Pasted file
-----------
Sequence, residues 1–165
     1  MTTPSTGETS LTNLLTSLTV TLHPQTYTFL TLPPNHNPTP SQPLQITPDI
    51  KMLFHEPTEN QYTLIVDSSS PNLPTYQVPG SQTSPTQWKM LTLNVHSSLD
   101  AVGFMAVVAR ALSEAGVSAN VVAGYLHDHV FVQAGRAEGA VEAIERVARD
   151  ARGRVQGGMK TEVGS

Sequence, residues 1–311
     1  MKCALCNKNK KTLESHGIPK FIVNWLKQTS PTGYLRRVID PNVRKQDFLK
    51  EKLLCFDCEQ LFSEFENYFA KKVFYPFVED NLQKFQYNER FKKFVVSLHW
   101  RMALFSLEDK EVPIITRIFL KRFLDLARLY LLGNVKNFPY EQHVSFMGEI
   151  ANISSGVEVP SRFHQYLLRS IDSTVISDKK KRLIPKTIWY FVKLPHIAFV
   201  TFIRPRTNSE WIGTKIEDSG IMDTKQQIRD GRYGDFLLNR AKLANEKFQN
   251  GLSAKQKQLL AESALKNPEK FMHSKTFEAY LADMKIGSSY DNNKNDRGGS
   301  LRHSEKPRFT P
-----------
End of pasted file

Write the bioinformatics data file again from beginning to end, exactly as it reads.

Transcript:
Sequence, residues 1–165
     1  MTTPSTGETS LTNLLTSLTV TLHPQTYTFL TLPPNHNPTP SQPLQITPDI
    51  KMLFHEPTEN QYTLIVDSSS PNLPTYQVPG SQTSPTQWKM LTLNVHSSLD
   101  AVGFMAVVAR ALSEAGVSAN VVAGYLHDHV FVQAGRAEGA VEAIERVARD
   151  ARGRVQGGMK TEVGS

Sequence, residues 1–311
     1  MKCALCNKNK KTLESHGIPK FIVNWLKQTS PTGYLRRVID PNVRKQDFLK
    51  EKLLCFDCEQ LFSEFENYFA KKVFYPFVED NLQKFQYNER FKKFVVSLHW
   101  RMALFSLEDK EVPIITRIFL KRFLDLARLY LLGNVKNFPY EQHVSFMGEI
   151  ANISSGVEVP SRFHQYLLRS IDSTVISDKK KRLIPKTIWY FVKLPHIAFV
   201  TFIRPRTNSE WIGTKIEDSG IMDTKQQIRD GRYGDFLLNR AKLANEKFQN
   251  GLSAKQKQLL AESALKNPEK FMHSKTFEAY LADMKIGSSY DNNKNDRGGS
   301  LRHSEKPRFT P